Al-Ahram Weekly Online   9 - 15 October 2008
Issue No. 917
Published in Cairo by AL-AHRAM established in 1875

Close up:

Salama A Salama

Tragic ending

By Salama A Salama

The murder of the Lebanese singer Suzanne Tamim, in which Egyptian business tycoon Hisham Talaat Mustafa and former police officer Mohsen El-Sokkari are the main defendants, has wetted the appetite of the media. Hardly a day passes without more details coming to the attention of the public, as if the whole thing is a real life soap opera.

The crime took place at a time of major transformation in Egyptian society. This made the public more interested in the case. Some took it as confirmation of the corruption that results when power and money are brought together -- a refrain you hear a lot these days.

Dozens of murders take place in Egypt everyday, for greed, revenge, theft or passion. But the murder of the Lebanese singer had all the elements of a thriller -- money, power and politics.

The man accused of putting a contract on the singer is not only rich, he is a pillar of society, a key figure in the ruling party, nothing less than the chairman of the Housing Committee of the Shura Council.

His profile fits many of the public figures who rose to prominence through buying cheap land from the state and turning it into luxury compounds for the privileged few, so they may enjoy their exclusive lifestyle away from the noise, pollution and crowdedness in which the rest of the nation lives.

A new class has emerged, amassing spectacular riches through land speculation, not through agriculture and industrial production, not through hard work in the services sector.

They have also developed a knack for finding legal loopholes and using their money and political clout to climb to the top.

Egypt knew this type during the open-door phase. But things have gotten worse in recent years. It is no surprise therefore that the only way the public connects with the dream of wealth and power is through infatuation with video clip divas, whose constant presence in the media elevates them to role models.

It is no surprise either that a marriage between glamour and wealth would ensue. For years now, wealthy Gulf men have developed a taste for courting famous and not so famous actresses.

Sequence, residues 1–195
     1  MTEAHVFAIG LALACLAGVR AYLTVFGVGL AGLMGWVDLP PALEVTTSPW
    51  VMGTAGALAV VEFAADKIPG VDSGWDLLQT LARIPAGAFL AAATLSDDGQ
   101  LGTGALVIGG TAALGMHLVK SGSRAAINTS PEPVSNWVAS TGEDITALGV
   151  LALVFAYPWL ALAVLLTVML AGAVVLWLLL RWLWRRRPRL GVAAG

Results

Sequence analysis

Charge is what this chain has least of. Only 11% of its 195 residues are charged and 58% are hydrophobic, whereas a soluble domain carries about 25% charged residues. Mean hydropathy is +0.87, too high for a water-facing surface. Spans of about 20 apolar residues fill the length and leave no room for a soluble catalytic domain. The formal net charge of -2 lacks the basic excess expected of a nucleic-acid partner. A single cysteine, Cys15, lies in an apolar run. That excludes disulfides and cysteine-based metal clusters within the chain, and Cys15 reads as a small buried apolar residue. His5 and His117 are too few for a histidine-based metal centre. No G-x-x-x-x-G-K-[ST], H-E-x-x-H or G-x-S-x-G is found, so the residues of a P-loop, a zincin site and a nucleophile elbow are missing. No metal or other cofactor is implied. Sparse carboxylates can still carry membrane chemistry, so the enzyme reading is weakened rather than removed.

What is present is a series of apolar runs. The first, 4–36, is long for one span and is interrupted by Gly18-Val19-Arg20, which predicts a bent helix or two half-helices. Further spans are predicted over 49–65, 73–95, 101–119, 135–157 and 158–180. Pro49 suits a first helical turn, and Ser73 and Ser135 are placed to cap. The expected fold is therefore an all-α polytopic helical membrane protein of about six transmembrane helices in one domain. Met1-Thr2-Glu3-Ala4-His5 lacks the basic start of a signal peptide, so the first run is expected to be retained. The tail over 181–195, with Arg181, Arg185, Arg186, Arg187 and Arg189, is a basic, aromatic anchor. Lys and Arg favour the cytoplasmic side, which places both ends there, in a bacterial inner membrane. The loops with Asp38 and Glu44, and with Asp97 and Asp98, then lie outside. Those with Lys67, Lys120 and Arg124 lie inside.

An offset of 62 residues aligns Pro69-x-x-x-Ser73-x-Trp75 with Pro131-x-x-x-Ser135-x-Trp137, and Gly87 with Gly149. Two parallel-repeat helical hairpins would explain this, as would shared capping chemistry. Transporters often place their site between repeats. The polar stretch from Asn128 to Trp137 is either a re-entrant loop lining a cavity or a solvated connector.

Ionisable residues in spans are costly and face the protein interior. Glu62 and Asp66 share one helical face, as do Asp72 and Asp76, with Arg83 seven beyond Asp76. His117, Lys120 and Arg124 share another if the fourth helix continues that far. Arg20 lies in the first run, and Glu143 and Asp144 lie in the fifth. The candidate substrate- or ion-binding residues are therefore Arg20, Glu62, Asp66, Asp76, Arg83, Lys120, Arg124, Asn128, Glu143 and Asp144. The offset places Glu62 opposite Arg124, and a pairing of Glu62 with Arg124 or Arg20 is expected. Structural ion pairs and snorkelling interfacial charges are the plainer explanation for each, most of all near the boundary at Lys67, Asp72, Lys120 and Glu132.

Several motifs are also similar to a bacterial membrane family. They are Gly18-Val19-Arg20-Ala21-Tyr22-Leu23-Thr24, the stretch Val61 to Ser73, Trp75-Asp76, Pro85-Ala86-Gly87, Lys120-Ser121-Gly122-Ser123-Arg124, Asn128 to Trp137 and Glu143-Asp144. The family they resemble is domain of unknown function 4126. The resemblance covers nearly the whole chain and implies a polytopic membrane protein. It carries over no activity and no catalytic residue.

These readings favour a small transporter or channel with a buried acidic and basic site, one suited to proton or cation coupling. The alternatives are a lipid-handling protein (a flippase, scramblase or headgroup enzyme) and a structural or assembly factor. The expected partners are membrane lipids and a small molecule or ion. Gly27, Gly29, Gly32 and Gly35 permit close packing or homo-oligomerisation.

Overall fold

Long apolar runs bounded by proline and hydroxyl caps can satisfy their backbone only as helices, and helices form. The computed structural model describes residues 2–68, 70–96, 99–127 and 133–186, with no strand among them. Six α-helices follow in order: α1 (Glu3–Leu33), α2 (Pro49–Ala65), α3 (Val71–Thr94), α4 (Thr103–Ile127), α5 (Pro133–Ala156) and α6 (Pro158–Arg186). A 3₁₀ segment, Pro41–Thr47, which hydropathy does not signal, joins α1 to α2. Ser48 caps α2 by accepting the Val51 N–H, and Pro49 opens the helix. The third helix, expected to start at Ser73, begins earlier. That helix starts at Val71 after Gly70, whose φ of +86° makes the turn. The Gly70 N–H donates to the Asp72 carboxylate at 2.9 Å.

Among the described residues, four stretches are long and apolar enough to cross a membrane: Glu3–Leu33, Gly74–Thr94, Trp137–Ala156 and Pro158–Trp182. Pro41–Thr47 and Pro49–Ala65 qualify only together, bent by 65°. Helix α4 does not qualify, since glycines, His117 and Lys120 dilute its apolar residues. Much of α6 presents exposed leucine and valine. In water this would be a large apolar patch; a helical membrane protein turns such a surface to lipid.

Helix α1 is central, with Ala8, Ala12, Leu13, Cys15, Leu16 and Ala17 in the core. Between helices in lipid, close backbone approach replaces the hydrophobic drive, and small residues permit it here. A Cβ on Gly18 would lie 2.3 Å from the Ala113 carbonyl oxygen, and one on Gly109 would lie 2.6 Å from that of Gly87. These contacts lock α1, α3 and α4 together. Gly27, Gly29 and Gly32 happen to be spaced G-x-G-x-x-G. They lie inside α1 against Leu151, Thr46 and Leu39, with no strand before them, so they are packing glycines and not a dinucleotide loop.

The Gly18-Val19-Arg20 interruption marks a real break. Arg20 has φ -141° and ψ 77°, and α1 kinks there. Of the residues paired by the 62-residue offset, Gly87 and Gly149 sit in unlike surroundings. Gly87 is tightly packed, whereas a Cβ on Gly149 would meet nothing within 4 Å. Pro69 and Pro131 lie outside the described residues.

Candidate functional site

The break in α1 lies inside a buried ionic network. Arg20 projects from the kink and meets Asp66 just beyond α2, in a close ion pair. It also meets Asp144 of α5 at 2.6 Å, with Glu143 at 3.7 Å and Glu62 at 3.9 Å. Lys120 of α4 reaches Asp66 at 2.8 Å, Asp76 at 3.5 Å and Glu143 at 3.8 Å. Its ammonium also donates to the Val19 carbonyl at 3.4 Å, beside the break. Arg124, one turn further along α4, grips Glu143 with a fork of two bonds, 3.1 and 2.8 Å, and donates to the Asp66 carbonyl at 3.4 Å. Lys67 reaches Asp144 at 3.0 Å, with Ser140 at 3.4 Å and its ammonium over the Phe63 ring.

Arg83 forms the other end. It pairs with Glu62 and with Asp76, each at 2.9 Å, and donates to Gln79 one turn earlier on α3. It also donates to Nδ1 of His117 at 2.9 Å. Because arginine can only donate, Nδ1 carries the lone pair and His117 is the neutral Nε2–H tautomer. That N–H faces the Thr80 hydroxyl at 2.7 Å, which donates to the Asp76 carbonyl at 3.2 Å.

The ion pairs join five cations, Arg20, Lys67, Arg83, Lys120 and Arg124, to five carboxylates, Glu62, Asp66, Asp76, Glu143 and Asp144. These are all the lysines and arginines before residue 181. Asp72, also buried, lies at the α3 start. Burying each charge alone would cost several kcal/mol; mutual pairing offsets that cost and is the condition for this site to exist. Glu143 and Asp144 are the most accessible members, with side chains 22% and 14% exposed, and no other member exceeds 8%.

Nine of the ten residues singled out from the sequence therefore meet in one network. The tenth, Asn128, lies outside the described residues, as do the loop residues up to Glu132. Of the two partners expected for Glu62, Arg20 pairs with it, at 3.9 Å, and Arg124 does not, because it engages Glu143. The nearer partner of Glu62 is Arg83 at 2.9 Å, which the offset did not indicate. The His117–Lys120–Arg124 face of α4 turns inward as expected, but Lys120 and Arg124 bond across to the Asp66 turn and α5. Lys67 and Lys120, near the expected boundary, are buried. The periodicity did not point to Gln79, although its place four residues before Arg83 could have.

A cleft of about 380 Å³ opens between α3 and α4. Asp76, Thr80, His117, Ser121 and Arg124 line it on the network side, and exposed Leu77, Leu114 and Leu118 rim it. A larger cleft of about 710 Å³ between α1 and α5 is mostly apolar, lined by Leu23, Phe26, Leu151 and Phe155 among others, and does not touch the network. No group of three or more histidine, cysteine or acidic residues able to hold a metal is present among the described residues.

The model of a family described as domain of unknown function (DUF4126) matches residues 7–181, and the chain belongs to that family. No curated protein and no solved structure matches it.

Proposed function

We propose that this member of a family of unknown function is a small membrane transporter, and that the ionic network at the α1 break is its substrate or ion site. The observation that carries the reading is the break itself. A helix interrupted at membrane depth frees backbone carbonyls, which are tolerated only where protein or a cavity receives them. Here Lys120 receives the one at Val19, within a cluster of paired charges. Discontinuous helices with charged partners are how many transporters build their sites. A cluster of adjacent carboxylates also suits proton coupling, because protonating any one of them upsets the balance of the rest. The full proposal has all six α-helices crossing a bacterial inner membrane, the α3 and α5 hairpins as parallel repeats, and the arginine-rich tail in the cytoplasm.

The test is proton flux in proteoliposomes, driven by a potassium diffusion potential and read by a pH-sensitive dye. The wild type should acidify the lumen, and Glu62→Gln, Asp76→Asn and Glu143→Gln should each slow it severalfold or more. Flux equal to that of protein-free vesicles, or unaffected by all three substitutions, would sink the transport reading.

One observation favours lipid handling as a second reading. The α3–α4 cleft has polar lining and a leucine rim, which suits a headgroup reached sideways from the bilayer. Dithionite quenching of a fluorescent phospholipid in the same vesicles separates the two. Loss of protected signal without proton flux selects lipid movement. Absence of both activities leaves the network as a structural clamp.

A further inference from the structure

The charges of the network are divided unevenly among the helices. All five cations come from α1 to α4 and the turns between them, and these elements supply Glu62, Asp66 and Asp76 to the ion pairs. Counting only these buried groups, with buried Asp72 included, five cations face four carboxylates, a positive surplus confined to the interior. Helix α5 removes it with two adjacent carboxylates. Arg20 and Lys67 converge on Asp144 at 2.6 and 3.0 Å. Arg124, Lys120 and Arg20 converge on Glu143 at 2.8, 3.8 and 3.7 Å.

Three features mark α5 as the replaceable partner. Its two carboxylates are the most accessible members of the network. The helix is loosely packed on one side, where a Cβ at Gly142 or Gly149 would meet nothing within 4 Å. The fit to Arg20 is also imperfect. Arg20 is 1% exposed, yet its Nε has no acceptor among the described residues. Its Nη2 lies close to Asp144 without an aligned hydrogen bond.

Some people say that this phenomenon is becoming widespread in Arab communities because men are sick and tired of looking at women wrapped up from head to toe. The segregation of men and women is only fuelling the sexual possessiveness that marks sexual relations in oriental societies.

You may have noticed how video clip singers and sexy actresses dominate talk shows. In diplomatic and social receptions, too, women stars are likely to outshine their male counterparts.

The Tamim tragedy may have opened the eyes of powerful men to the perils of romantic liaisons that could bring their downfall. It has also revealed to millions of women and wives this secret world in which rich men throw away enormous amounts of money to keep their concubines happy, while keeping up appearances of piety and religiosity in public -- just another sign of the duplicity into which closed Arab societies have stooped.

The scary part is that of the man believed to have carried out the contract killing. The defendant is described by his colleagues as both cunning and brutal. After years of police work, he wanted something more. So he left the service to seek his fortune as a muscleman for tycoons, doing their dirty business. From lawman to outlaw, he had no problem with that.

It is sad that a young woman with artistic talent had to die a victim of infatuation with wealth and by the brutality of greed. For Tamim, fame was but a slippery slope to a tragic ending.

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